Most people I meet are remarkably confident considering how little we understand. In secret, I think we're overwhelmed by all the issues we have to take into account when we decide what to do. So we respond to confidence. Confident people get hired. We listen to confident people. We follow confident people. They seem to know more than we do. Adults. Teachers. Bosses. The Government. Surely they understand even if we don't? No.
Kathryn Schulz wrote a wonderful book on 'Being Wrong'. We don't know what it feels like to be wrong, because as soon as we realise we are wrong, we are in a different emotional space. We were wrong. We may feel embarrassed. We may defend ourselves. But we seldom move forward doing something we don't think we want to do. When we do stuff, we think we are right.
The question is, what do you do? How do you act when you know you don't understand all the knock on effects of what you do? What do you choose when you know you can't keep all the options you care about in your head?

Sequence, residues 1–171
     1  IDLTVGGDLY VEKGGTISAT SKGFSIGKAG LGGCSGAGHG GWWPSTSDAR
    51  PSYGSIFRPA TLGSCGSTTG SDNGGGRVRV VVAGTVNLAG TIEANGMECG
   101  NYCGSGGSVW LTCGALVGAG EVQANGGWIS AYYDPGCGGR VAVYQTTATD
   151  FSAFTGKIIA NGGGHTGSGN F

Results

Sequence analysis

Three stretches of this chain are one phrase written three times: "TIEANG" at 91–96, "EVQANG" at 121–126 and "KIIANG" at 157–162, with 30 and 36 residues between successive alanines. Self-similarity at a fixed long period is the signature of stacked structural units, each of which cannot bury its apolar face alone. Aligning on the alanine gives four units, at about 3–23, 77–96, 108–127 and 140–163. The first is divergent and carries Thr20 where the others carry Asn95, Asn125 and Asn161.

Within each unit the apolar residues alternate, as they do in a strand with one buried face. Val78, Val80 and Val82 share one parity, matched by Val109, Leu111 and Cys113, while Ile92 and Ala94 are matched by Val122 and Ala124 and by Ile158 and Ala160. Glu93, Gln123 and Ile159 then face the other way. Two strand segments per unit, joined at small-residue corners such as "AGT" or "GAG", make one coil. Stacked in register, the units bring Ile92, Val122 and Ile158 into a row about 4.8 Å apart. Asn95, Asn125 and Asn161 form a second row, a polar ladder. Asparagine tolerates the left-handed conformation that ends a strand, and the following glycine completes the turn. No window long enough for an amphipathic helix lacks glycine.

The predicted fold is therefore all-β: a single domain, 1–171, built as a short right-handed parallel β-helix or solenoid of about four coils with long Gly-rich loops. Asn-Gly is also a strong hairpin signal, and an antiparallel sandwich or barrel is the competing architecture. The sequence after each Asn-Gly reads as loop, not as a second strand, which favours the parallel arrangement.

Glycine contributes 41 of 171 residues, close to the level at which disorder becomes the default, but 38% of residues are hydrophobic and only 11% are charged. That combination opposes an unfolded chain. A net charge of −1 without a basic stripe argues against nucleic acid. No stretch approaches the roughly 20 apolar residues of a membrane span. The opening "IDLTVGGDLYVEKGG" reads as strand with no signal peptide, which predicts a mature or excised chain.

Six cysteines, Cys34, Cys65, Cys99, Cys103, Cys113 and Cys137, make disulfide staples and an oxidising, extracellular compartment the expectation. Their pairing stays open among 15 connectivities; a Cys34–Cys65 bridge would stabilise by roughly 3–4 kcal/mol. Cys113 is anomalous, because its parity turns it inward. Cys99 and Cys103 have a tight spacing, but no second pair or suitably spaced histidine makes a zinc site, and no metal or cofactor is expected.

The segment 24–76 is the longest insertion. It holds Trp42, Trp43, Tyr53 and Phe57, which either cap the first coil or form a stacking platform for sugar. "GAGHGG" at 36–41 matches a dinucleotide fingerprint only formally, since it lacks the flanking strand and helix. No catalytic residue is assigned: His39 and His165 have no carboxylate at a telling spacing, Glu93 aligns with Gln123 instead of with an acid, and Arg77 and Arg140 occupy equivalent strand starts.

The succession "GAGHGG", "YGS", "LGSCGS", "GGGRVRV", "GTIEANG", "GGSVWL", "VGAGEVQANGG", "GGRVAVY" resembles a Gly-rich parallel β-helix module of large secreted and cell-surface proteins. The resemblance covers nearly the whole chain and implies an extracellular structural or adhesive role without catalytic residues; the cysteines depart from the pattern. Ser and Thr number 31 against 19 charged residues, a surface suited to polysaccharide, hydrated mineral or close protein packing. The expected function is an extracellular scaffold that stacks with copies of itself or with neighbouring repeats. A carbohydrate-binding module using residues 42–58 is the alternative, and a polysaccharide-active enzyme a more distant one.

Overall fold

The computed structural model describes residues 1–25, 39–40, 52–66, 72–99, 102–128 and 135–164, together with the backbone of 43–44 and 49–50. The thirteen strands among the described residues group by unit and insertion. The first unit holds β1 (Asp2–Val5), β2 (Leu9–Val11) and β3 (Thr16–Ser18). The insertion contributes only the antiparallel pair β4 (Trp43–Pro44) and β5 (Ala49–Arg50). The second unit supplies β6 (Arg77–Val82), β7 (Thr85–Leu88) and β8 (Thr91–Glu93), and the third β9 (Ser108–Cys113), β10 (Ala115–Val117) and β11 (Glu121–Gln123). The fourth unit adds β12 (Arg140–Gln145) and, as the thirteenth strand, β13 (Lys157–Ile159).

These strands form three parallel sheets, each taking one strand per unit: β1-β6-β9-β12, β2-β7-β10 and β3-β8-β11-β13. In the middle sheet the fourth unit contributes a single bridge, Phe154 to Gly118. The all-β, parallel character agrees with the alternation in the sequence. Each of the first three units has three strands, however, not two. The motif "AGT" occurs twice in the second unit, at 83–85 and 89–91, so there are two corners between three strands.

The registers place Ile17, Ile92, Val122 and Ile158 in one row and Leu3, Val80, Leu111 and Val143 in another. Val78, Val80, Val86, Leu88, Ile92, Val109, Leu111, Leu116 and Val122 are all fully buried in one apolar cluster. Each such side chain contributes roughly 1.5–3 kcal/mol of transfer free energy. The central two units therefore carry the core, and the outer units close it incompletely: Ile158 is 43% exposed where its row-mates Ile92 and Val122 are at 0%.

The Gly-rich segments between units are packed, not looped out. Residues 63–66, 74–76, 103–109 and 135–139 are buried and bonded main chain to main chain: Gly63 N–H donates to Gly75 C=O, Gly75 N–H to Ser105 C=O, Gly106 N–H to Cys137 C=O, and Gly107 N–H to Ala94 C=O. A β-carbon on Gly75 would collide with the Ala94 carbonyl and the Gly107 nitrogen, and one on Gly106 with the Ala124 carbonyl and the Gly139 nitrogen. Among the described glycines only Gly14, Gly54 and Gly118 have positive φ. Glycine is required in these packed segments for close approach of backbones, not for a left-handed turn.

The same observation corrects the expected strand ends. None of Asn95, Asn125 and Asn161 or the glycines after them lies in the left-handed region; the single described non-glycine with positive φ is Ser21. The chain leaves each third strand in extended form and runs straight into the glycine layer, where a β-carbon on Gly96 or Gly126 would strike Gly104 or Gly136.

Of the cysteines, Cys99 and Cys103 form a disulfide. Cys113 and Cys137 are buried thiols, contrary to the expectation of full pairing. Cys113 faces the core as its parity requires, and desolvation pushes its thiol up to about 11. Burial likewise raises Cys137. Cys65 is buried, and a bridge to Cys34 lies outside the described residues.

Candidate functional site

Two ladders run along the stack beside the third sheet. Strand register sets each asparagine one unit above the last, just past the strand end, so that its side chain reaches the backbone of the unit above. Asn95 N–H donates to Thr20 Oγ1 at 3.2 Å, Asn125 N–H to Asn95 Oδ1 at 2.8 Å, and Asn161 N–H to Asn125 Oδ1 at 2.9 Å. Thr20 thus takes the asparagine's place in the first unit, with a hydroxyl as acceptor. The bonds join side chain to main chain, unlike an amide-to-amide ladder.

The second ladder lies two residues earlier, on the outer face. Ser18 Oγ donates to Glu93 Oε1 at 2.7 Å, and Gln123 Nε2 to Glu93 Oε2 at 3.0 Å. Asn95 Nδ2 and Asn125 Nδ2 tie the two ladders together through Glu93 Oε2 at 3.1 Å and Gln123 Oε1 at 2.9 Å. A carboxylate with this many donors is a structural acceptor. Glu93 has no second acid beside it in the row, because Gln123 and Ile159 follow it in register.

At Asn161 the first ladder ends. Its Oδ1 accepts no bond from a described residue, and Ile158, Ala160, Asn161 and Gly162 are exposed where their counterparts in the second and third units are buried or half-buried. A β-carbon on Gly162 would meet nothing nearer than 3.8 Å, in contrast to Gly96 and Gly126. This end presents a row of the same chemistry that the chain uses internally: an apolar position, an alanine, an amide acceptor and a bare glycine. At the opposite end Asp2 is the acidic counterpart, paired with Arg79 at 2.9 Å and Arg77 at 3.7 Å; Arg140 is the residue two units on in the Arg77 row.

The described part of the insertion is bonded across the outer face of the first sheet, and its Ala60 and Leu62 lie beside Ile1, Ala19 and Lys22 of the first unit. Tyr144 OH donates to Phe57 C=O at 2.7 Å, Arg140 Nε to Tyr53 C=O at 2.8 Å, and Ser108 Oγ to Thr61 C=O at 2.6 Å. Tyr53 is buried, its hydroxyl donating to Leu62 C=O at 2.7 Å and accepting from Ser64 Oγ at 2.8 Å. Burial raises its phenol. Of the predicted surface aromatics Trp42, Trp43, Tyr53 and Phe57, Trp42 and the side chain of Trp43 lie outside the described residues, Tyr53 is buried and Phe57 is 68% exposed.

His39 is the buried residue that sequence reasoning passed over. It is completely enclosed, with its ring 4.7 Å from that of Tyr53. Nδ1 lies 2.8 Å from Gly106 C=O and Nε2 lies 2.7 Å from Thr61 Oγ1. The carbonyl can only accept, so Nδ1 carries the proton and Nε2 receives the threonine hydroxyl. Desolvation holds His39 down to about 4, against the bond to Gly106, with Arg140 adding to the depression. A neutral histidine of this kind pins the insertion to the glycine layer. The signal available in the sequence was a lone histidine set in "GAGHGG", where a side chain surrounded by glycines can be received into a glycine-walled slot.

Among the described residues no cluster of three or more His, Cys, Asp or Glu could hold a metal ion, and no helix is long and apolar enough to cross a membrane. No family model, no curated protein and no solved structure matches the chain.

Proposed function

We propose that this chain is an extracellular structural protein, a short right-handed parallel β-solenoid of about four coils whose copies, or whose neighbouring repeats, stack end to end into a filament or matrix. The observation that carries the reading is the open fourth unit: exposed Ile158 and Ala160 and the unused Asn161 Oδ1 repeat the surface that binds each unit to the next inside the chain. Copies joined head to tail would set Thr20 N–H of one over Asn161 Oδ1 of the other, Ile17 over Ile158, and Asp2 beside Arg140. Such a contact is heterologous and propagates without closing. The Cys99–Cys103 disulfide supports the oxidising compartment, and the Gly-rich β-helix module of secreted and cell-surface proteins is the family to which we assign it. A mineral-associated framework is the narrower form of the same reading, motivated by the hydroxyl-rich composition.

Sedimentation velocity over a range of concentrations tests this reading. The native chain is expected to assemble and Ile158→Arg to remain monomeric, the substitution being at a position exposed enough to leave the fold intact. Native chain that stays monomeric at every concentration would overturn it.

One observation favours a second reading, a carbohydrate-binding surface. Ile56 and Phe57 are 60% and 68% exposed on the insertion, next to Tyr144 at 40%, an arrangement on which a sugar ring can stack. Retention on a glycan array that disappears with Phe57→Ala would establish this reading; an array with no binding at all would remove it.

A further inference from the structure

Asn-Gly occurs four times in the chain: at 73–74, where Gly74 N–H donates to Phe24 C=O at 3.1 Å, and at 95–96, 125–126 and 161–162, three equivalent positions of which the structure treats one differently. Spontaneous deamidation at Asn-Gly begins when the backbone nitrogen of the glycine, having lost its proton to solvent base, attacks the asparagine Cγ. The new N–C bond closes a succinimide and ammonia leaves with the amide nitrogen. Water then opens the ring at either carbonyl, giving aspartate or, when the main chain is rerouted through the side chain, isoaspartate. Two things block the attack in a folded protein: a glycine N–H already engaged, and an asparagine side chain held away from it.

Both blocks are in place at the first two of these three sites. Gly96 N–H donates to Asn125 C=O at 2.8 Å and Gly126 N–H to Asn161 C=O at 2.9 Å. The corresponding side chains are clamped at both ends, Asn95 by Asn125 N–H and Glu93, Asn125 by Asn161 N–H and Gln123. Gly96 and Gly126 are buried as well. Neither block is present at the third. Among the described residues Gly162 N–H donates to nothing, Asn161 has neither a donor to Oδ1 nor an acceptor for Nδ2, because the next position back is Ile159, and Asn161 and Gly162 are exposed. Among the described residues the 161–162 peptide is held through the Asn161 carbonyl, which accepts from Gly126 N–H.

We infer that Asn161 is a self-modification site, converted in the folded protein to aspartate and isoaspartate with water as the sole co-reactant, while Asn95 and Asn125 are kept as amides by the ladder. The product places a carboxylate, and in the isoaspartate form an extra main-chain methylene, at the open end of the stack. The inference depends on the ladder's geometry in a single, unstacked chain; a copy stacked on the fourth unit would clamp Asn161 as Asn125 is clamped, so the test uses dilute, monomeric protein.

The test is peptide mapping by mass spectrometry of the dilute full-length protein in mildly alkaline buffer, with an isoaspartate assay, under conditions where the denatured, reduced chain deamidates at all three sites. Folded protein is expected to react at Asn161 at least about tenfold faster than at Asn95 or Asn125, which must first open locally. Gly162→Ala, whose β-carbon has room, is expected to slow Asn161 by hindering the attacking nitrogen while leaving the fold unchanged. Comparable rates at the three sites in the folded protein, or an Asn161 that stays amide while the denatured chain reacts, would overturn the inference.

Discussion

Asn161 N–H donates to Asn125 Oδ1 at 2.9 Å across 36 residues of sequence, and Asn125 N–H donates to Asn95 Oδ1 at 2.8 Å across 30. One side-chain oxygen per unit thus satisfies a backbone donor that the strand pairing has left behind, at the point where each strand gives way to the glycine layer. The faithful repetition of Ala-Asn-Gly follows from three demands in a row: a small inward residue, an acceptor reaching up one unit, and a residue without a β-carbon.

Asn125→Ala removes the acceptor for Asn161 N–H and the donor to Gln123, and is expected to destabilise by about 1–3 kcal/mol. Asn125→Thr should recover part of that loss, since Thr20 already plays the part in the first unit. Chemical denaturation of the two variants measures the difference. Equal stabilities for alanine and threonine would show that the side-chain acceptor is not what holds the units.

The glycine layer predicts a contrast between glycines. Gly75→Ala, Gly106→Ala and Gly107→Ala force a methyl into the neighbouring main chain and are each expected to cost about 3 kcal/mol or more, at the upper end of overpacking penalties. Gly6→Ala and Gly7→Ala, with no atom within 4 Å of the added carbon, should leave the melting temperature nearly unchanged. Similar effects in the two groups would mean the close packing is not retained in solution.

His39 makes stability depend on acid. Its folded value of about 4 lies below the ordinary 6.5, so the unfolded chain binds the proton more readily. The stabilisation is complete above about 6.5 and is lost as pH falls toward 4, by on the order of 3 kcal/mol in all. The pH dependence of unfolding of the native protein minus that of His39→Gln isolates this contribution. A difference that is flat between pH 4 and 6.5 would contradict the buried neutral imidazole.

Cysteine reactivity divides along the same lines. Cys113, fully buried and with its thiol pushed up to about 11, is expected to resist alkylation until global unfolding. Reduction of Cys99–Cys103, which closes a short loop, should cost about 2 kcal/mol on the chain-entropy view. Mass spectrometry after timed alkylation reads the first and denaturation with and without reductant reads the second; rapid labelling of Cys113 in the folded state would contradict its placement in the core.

I think part of the answer lies in bringing things back to basics. An acceptance of the way things are. Not because you don't think there are issues, but because things are the way they are. Things will change. We know that. The how is the question no one can answer. It is easier to change things from where they are, than to stare at a huge gap and wonder how to make the leap.
Once we have accepted things, we can make small tweaks. Lots of them. We can support the tweaks of others. We can learn from the trial and error of others. We can read. We can listen. We can spend time together. We can find mistakes and build resilience.
When you don't bet your life on the fact that you are right, being wrong is a learning opportunity. The realisation that you were wrong is something to celebrate as a new piece of knowledge.